Donigan spearheads NCAA?Tourney run
Coach of the year
It is not often a coach can successfully change the culture of a program that struggled for years.
In only his second year at the helm of the Rutgers men’s soccer team, head coach Dan Donigan orchestrated the greatest single-season turnaround in recent history and brought the Scarlet Knights to a level of national prominence it has not enjoyed in years.
After nine successful seasons at Saint Louis that saw seven trips to the NCAA Tournament, Donigan took over a floundering Rutgers team in 2010. The Knights had not made the Big East Tournament in two years, and had not earned an NCAA berth since 2006.
Donigan, the Daily Targum’s Coach of the Year, wanted to make an impact in the state he calls home.
“My mindset was I did not want to disappoint anyone. I am from New Jersey — I have a reputation and an image here,” Donigan said. “I told my guys that I do not want to disappoint, and I do not want to embarrass myself. I did not want to tarnish that image. That is the truth of it, and if people take that approach, they have more of a chance to be more successful.”
Donigan found success.
After a rough transition in his first season, his second year at the head of the team featured triumphs. The Knights ended their regular season on an 11-game undefeated streak and stormed into the Big East Tournament with a first-round bye.
Following the tournament, Rutgers received an at-large bid into the NCAA Tournament, where the underdog Knights advanced all the way to the Sweet Sixteen, a spot no Rutgers team had clinched in a decade.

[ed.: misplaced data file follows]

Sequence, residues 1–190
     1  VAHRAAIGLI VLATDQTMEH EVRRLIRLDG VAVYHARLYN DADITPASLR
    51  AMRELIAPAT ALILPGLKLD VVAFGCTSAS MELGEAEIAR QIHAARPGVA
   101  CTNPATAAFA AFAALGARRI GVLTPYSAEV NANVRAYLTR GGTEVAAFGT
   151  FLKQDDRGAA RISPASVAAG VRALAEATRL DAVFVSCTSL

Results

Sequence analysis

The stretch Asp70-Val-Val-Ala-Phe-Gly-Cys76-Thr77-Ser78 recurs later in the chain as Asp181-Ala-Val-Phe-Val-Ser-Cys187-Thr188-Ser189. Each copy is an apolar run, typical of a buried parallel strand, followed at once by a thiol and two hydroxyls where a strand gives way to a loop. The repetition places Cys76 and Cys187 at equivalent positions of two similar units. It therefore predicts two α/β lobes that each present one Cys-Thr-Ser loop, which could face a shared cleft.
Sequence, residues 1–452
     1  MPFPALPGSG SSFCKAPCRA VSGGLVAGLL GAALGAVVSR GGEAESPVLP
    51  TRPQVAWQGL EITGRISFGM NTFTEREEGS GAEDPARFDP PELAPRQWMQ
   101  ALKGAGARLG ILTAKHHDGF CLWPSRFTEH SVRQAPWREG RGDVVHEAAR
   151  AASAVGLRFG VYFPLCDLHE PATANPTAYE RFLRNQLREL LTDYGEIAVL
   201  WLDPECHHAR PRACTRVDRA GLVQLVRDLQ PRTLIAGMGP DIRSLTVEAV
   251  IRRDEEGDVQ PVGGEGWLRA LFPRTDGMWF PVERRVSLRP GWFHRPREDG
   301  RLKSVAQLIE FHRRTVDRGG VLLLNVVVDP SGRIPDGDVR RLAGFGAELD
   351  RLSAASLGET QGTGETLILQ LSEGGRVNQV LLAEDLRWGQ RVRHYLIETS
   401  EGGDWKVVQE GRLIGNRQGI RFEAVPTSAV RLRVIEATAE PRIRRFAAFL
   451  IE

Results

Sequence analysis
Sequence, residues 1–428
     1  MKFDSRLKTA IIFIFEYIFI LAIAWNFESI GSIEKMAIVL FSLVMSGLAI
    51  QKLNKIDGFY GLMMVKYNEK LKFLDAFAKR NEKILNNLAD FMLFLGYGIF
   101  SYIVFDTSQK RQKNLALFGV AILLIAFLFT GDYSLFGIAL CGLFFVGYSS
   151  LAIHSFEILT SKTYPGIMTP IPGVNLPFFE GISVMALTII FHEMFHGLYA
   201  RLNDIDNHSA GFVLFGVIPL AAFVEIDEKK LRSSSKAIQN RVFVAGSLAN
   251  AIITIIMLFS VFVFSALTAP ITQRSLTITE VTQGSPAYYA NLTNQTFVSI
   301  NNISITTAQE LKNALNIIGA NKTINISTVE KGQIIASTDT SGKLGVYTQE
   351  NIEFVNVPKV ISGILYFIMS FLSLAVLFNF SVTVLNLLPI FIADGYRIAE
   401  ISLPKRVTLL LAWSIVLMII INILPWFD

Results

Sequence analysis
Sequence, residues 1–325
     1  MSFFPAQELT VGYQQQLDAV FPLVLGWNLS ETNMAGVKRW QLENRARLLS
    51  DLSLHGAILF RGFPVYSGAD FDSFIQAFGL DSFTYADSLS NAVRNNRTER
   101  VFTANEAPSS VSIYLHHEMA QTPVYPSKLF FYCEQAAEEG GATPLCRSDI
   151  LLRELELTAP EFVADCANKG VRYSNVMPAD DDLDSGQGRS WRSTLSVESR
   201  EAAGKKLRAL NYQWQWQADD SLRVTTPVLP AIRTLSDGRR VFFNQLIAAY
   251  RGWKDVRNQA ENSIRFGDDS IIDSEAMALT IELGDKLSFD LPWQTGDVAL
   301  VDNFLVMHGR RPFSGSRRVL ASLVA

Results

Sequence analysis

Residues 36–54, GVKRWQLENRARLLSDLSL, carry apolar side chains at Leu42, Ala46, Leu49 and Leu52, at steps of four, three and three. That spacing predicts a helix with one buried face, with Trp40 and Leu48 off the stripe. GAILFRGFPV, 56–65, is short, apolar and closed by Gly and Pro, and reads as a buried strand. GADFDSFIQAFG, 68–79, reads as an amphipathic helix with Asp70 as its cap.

“Coach Donigan was probably one of the biggest pieces in our success,” said senior midfielder Bryant Knibbs. “He did not lose faith, and he kept pushing us day in and day out to get better as a team. We did and we took his word because we knew he had been there before.”
But the relationship Donigan shares with his players was not always as strong as it is now. Some players who built a relationship with former head coach Bob Reasso — who was successful on the Banks in the 1980s through mid-1990s — were wary of a change in leadership.
“When the change happened, I was a little iffy about it,” said senior midfielder Nate Bourdeau. “I personally had a good relationship with Coach Reasso, so I didn’t care for it either way.”
But as time went on, members of the team began to buy into Donigan’s system. By season’s end, the players thought he truly made them better people — on and off the field.
“The guys who were comfortable with Coach Reasso are better players. We kind of just went through the motions, but when Donigan came he challenged our better players,” Bourdeau said. “He forced us to rethink whether we would even play because he might bring in other guys.”
A successful player at Connecticut and then later as a professional on the Milwaukee Wave, Donigan shares a bond with his players based on respect for the game.
“I like to think I’m somewhat of a players’ coach in the sense that I have a great mutual respect for the players,” Donigan said. “You are only as good as your players, and you have to get them to play for you. I just want them to enjoy the game and enjoy training, and just go out there and try and do the best they can.”
The relationship with his players gives Donigan the flexibility that bodes well for the program in the future.
“It is a pretty simple philosophy, but you kind of formulate your team as the season goes on and as things evolve,” Donigan said. “I’m never set in my ways, and I’m always changing.”